NETANYAHU: Well, they would have those rights in their own territory. In other words, they have their own parliament. They have their own government. They have their own flag. They have their own...

INSKEEP: Well, they have a flag now, but they have very, very little rights compared to the average Israeli, I would think.

NETANYAHU: ...Well, no, if you go - we don't govern the Palestinian cities. We don't administer Ramallah or Jenin or Nablus. It's governed by the Palestinians. But you can extend that governance, but not to the point where you would endanger Israel. Now, this is a very odd thing where the Palestinians are actually demanding something that would collapse their own authority and their own government, but it's not the first time that they do so. So I think we have to be realistic. As long as, you know, we have the Middle East unreformed and pockmarked with so much violence, so much radicalism, so much terrorism, this is the best arrangement we could arrive at.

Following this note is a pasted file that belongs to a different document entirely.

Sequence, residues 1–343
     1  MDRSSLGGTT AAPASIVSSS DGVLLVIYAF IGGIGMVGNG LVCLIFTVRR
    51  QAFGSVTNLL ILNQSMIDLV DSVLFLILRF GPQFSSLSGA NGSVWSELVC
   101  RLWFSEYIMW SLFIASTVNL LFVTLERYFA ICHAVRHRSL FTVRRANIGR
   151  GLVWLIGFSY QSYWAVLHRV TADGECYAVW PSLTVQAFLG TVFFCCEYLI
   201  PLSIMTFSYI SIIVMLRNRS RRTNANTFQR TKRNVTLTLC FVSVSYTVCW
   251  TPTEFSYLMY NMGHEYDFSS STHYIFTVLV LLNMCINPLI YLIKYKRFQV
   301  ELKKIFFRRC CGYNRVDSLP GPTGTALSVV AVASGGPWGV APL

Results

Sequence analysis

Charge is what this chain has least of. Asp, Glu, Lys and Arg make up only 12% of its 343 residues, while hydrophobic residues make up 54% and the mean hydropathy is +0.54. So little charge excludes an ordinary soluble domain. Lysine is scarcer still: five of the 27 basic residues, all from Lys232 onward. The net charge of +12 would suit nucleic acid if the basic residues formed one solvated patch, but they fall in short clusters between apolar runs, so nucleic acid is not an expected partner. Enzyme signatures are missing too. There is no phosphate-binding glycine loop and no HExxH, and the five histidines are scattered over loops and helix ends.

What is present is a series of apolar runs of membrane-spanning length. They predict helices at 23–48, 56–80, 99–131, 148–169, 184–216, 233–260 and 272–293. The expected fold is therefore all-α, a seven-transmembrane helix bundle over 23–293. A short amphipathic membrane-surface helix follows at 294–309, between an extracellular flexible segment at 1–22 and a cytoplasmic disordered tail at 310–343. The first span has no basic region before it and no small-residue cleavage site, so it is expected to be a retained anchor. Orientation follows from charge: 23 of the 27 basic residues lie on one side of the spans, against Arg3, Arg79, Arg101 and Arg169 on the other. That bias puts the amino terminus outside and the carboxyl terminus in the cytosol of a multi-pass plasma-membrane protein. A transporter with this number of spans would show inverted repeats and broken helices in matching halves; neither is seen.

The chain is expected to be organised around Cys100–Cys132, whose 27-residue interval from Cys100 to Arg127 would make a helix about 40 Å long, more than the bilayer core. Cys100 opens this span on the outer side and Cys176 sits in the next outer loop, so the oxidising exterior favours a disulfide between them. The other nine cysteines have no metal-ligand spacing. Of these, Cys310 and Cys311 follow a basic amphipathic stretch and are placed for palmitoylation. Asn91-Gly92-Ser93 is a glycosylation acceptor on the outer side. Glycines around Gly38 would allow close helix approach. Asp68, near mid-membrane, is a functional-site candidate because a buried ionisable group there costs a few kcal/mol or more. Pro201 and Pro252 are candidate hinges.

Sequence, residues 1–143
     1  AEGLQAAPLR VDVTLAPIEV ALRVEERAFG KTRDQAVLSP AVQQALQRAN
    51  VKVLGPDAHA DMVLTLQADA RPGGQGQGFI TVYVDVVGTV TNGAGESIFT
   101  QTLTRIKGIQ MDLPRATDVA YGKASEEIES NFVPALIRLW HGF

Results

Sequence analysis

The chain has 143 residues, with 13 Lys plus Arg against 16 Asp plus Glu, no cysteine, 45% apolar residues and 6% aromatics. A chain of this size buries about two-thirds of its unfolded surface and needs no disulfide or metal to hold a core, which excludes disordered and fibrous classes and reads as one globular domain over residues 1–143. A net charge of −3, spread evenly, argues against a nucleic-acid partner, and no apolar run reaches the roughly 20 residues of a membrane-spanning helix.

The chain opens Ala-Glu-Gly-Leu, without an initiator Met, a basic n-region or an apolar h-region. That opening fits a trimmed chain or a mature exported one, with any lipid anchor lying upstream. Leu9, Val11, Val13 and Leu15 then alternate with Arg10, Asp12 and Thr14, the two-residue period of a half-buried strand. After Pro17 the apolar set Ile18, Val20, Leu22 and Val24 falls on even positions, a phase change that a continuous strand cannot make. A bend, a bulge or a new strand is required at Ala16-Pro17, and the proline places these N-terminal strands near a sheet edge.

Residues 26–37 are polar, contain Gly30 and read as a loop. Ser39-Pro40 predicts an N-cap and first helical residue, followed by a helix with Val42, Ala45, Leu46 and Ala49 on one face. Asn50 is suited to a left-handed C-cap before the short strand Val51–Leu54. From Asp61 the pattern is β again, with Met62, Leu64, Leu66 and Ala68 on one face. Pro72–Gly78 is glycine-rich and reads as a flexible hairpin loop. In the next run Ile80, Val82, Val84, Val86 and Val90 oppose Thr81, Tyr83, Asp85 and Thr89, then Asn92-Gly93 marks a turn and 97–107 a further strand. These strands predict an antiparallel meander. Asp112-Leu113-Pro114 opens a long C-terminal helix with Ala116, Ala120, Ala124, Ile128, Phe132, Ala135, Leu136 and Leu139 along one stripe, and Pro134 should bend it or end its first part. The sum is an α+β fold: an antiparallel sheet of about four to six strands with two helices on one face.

INSKEEP: And you believe, in any circumstance, that Israel should be able not only to have security control but to arrest people, to bring them into Israeli courts. You want that to stay with Israel.

NETANYAHU: Yes, I want Israel to have that overriding power. And I'll tell you why you don't see - this is an interesting question. How come you don't see that much terrorism in the West Bank? Well, first of all, we have security cooperation with the Palestinian Authority. That's good. We don't have it with Hamas in Gaza. But the bulk of the security operations is done by us. But here's how it's done.